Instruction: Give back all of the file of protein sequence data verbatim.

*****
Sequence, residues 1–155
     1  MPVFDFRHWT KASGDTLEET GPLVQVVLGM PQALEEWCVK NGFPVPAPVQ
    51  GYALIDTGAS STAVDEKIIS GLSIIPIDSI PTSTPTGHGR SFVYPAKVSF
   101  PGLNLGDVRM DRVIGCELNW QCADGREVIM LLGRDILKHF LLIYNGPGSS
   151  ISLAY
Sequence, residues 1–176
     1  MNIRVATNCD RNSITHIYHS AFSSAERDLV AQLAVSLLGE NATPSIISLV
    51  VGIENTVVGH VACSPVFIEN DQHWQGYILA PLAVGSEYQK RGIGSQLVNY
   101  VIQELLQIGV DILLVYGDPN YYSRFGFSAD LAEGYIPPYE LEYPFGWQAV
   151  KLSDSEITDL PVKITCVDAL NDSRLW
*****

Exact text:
Sequence, residues 1–155
     1  MPVFDFRHWT KASGDTLEET GPLVQVVLGM PQALEEWCVK NGFPVPAPVQ
    51  GYALIDTGAS STAVDEKIIS GLSIIPIDSI PTSTPTGHGR SFVYPAKVSF
   101  PGLNLGDVRM DRVIGCELNW QCADGREVIM LLGRDILKHF LLIYNGPGSS
   151  ISLAY
Sequence, residues 1–176
     1  MNIRVATNCD RNSITHIYHS AFSSAERDLV AQLAVSLLGE NATPSIISLV
    51  VGIENTVVGH VACSPVFIEN DQHWQGYILA PLAVGSEYQK RGIGSQLVNY
   101  VIQELLQIGV DILLVYGDPN YYSRFGFSAD LAEGYIPPYE LEYPFGWQAV
   151  KLSDSEITDL PVKITCVDAL NDSRLW